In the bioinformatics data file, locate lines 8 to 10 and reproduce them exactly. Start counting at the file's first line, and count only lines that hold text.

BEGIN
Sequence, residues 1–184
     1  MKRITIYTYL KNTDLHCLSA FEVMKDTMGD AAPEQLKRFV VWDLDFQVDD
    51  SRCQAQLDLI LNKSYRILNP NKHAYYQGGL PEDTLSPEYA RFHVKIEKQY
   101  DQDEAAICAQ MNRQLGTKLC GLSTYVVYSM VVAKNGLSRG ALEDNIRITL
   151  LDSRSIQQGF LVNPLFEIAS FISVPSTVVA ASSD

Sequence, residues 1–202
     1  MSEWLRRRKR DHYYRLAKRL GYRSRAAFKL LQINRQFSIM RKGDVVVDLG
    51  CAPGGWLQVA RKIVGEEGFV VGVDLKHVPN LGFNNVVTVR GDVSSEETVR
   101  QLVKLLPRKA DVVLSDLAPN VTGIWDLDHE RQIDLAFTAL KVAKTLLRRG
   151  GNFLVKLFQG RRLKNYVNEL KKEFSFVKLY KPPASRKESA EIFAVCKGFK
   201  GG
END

    51  CAPGGWLQVA RKIVGEEGFV VGVDLKHVPN LGFNNVVTVR GDVSSEETVR
   101  QLVKLLPRKA DVVLSDLAPN VTGIWDLDHE RQIDLAFTAL KVAKTLLRRG
   151  GNFLVKLFQG RRLKNYVNEL KKEFSFVKLY KPPASRKESA EIFAVCKGFK